For the non-jealous partner

It was pointed out to me that in my jealousy post of more than a year ago, I said I'd write a post for the non-jealous partner. I never did. So here:

If you're partner to someone who is jealous, start by reading the jealousy post above.

And then memorize this sentence:

The process of becoming an adult is the process of taking on responsibility for meeting your own needs.

Now then. Your partner is jealous because of some combination of insecurity and lack of trust. It is NOT YOUR JOB to MAKE your partner secure or trusting, but you do HAVE AN OPPORTUNITY to provide a safe, stable environment in which your partner may develop those qualities. It's like if someone is sick: they'll heal faster in a clean, comfortable, safe place than they will in a dangerous, dirty place, right? You create the environment in which past hurts (which gave rise to insecurity and lack of trust) can heal.

But if healing doesn't happen, IT'S NOT YOUR FAULT because it was never your job in the first place.

Let's deal with trust first. Are you trustworthy? I'm going to assume yes, if you care enough to read a blog post about how to support a jealous partner. But if not, kindly cut your partner loose before you hurt them even more. Okay.

If you're trustworthy, your next question is likely, how can I make my partner trust me?

Answer: you can't make anyone do anything (see above). You can prove through your actions that you are trustworthy, creating that safe environment I described.

Negotiate with your partner when they're feeling untrusting; find small ways that you can validate your trustworthiness: call when you say you will, show up when you say you will, do the thing you said you would, be the consistent, honest, reliable person you are.

So that's trust.

Now, the insecurity.

Listen very closely: nothing you can say or do will fill in the hole in your partner's self-image. Nothing. Nothing. No matter how many times you say, "I love you" or "You're beautiful" or "I'm yours forever," you'll never be able make them feel worthy of you. That feeling of worthiness can ONLY come from inside themselves.

Again, it's not your job (it's not even possible!) for you to make your partner feel confident about themselves. You do, however, have an opportunity that you may choose to take, to create an environment where self-worth grows.

In what kind of environment does self-worth grow? In an environment of unconditional positive regard, acceptance, and respect.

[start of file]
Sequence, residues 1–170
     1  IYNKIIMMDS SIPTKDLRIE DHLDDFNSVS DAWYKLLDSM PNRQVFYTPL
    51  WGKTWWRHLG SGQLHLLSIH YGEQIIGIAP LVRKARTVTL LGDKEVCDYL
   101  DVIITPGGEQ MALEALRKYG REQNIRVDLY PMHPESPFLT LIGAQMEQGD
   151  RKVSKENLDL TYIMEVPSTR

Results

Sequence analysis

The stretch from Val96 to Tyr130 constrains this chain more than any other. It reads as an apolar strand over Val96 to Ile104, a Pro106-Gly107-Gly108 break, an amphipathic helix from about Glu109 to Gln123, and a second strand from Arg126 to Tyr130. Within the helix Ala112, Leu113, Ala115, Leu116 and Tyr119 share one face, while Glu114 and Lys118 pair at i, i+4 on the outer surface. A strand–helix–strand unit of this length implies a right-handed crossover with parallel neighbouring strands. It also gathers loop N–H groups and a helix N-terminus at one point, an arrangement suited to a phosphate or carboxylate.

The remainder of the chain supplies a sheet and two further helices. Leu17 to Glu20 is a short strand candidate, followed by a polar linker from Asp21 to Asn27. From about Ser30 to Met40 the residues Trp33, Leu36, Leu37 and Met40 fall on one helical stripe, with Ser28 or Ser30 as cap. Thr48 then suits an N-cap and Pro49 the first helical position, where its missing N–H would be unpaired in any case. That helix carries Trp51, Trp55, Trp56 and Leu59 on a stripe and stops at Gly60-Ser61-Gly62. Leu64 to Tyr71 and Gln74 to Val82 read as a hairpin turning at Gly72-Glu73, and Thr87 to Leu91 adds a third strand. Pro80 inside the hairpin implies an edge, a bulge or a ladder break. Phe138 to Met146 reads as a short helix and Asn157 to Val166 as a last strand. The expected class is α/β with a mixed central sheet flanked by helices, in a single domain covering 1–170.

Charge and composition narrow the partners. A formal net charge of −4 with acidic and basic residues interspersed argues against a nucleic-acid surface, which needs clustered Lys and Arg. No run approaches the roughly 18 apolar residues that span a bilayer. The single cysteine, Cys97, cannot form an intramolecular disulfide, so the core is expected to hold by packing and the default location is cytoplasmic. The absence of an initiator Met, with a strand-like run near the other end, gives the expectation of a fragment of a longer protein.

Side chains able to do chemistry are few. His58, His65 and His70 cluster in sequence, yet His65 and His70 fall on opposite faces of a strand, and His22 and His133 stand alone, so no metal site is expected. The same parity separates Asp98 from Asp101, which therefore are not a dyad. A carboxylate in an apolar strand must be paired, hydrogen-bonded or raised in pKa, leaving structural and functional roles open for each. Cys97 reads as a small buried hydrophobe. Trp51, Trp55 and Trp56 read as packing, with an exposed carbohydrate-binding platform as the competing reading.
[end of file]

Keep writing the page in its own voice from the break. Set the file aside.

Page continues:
Accentuate the positive. John Gottman's research said aim for 5 good things for every not-so-good thing. I've written about that here and here.

Avoid criticism. There are some important rules about when to give criticism and when not to. You'll find most of them in the handy book How to Hug a Porcupine. If it's something that can't be changed, no criticism. If it's something that doesn't matter, no criticism. If it's something that isn't your business, no criticism. (Caring does not make it your business.) There are other rules about how to give criticism, I'll go into those another time.

And DON'T OVERFUNCTION. Overfunctioning is when one person in the relationship takes responsibility for the other person's stuff, because that other person has fewer emotional, intellectual, financial, or other resources available to manage it. The result of this is to create an UNDERfunctioner, someone who is living below their potential; they're being prevented from maximizing their personhood by a partner who tries to "help," which only prevents the other person from growing.

When you're a highly competent person who cares about someone in distress, it's hard not to take on responsibility for their problems. It's hard to watch a person you love suffer. And the jealous partner WILL suffer. They will sit at home, on the front porch, chain smoking and petrified, while you hang out with your friends. That is just how it is. And your partner will "tolerate pain for growth," because that is what grown ups do in relationships. (This is David Schnarch, if you want to learn more. I'll post about it at some point, I'm sure; I mentioned it briefly once.)

And you will not call to make sure they're okay; you will not come home earlier than you agreed, just to minimize their suffering; you will not say, "Are you sure? Because I can just stay in tonight if you need me to." You will respect your partner's personhood enough to allow them to stay over their own emotional center of gravity. You will allow them to hurt sometimes.

In this way - and ONLY in this way - will they learn that they are capable of tolerating separation, that they are strong and worthwhile. Only in this way will they begin to see in themselves what you see in them.

It is HARD being the partner of a jealous person, particularly if that person wants to make you responsible for their feelings. Respect them enough not to accept that responsibility.

The process of becoming an adult is the process of taking on responsibility for meeting your own needs. Allow your partner to be an adult. You have an opportunity, not a responsibility; if they can't accept responsibility for their own feelings, then they are not ready to be in an adult, loving relationship.

I am, like, SO harsh. Sorry.

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